Coal and other biofuels are the same as almost every other substance as they can be bought and sold. Thus, the overall quality of the material plays a significant role in establishing the value and price.
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With coal and other solid fuels, the amount of volatile matter present is the leading factor in quality, as this is relative to the fuel’s burning rate.
While the volatile matter value is not dependent on the type of fuel and moisture content of said fuel being tested, it also fluctuates based on the heating rates employed in the tests to establish said values.
This is why it is crucial to establish standards for material testing. Globally recognized and applied standards generate a common language that can be employed, so buyers and sellers can rest assured that the coal they acquire from one supplier can be accurately tested by a lab situated on the other side of the world.
When faced with a complex sample, however, there may be a decrease in method precision. “Sparking” coal, or coal where particles are released and “spark” during the high-temperature testing, is an example of a complex sample. For decades, scientists have been racing to establish an effective way to enhance the precision when testing for volatile matter of this material.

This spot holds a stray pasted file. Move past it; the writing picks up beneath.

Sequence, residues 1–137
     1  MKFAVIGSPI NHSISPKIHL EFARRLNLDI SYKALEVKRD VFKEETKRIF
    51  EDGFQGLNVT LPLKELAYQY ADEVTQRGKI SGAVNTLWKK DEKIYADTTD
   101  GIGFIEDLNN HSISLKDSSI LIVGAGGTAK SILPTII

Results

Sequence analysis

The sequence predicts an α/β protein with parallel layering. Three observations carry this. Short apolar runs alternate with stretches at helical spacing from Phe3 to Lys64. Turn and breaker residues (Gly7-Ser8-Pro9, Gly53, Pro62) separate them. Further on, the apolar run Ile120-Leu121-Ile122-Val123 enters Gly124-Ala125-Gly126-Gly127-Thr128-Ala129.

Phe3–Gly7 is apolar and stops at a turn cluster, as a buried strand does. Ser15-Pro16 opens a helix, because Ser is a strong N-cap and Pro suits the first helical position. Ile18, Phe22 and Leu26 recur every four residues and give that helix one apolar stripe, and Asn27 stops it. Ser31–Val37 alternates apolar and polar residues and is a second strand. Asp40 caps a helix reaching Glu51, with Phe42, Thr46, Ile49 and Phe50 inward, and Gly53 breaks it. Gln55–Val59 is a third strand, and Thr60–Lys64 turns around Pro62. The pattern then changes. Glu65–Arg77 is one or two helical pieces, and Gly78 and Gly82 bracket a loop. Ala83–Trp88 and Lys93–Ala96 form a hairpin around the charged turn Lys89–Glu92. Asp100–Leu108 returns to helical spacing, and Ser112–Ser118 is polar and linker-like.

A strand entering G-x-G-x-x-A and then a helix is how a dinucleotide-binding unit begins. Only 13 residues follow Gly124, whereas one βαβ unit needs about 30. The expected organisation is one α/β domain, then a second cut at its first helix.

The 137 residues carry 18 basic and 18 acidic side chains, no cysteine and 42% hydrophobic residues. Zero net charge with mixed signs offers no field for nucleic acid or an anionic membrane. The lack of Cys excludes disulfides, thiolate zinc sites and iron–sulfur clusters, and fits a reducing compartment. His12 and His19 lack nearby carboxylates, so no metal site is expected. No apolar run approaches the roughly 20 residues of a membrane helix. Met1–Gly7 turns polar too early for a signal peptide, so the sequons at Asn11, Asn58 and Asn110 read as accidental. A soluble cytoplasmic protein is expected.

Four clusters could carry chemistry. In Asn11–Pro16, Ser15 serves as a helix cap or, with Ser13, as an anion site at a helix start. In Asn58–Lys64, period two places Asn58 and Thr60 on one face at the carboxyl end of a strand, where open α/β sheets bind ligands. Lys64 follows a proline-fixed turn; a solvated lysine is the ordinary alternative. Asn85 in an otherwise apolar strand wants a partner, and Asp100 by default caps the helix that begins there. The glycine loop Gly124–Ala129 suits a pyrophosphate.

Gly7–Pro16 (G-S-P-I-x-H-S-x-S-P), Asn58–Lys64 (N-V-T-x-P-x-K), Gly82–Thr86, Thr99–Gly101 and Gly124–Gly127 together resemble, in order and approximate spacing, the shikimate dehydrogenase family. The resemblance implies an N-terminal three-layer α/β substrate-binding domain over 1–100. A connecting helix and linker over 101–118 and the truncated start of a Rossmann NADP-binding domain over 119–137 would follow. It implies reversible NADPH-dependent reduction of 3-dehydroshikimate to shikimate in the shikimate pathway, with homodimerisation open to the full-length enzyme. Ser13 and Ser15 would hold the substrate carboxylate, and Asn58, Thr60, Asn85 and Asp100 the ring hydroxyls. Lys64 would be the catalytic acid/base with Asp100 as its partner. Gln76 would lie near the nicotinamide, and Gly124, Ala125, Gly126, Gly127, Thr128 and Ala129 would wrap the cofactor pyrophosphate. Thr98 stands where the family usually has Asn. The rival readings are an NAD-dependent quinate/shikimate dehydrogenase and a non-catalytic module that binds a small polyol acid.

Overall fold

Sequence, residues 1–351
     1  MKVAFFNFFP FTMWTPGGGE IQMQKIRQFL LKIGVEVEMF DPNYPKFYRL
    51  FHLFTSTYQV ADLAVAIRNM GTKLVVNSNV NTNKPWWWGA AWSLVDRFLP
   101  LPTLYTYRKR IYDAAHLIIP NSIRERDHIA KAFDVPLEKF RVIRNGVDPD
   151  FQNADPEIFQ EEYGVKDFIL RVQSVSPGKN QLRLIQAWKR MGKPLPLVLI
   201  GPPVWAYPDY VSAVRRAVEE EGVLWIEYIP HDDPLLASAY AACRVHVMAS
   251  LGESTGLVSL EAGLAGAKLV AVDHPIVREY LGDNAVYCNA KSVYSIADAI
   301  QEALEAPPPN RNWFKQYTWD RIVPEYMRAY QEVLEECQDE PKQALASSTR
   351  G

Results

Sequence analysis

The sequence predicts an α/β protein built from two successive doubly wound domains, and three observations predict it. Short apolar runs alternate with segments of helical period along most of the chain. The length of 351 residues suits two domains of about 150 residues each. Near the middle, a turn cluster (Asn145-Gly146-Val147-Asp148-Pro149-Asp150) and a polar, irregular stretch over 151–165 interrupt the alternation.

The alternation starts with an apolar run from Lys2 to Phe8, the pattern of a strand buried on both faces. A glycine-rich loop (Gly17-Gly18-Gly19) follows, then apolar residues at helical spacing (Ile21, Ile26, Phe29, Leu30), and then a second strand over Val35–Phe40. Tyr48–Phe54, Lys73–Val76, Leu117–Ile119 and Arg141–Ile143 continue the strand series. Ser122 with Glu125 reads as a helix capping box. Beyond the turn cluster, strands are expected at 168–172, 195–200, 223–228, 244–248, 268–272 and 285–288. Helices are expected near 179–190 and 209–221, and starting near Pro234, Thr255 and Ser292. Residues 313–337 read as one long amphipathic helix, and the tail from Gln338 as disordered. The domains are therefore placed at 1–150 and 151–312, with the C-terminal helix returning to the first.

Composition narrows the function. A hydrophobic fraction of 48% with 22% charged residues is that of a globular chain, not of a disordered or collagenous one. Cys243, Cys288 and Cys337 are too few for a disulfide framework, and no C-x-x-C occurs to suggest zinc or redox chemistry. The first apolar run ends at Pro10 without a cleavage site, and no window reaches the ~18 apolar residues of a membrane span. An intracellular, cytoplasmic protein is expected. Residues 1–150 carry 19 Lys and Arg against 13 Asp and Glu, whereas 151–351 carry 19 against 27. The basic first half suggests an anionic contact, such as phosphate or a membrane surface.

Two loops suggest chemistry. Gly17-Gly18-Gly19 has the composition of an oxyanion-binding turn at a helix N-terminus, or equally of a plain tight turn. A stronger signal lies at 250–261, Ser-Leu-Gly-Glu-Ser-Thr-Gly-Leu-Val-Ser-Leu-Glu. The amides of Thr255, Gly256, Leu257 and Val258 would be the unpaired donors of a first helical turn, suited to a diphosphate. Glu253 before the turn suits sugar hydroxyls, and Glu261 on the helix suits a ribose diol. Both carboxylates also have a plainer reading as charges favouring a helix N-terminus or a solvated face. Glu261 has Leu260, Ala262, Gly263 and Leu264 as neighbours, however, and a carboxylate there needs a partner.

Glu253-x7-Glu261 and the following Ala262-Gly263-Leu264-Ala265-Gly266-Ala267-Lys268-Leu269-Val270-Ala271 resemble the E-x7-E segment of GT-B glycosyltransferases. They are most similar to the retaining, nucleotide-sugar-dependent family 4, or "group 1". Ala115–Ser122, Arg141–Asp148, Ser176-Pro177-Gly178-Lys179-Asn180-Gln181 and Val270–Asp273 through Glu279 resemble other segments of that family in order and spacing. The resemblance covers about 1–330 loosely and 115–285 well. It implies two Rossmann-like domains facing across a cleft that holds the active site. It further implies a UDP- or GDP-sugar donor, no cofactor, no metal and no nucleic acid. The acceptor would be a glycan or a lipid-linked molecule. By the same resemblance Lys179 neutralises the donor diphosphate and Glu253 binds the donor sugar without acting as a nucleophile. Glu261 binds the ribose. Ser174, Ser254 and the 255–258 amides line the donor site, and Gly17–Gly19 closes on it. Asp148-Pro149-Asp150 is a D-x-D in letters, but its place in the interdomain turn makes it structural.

Recently, Dr. John Riley made the decision to evaluate the most commonly used methods to try to establish an improved method of handling coals suspected of being “sparking.”
Since the sparking effect is the result of excess moisture, the method initially introduced a “first step” method to pre-dry the coal prior to exposing it to higher temperatures for testing. The routine value for this pre-drying step was 600 °C.
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With the application of the TGA801 macro thermogravimetric analyzer, Dr. Riley was able to modify the method easily and compare how fluctuating temperatures, heating rates and hold times influenced the values.
Derivative thermogravimetry plots allowed Dr. Riley to get a closer look at what was occurring during the reactions within the samples at specific times and temperatures. Based on the evidence revealed in these experiments, Dr. Riley was able to determine that 600 °C was indeed too high.
A pre-drying temperature of 107 °C is adequate for the release of the excess moisture without provoking decomposition moisture that will impact the volatile matter yields.
Click here to read 'Analyzing Volatile Matter in Coal and Biofuels'
Resultingly, the ASTM Committee D05 on Coal and Coke has recently updated the classic volatile matter standard test method D3175 to accommodate the temperature for drying sparking coals from 600 °C to 107 °C.
For further, detailed information regarding the experiment process that led to this conclusion, request a free copy from LECO.
This information has been sourced, reviewed and adapted from materials provided by LECO Corporation.
For more information on this source, please visit LECO Corporation.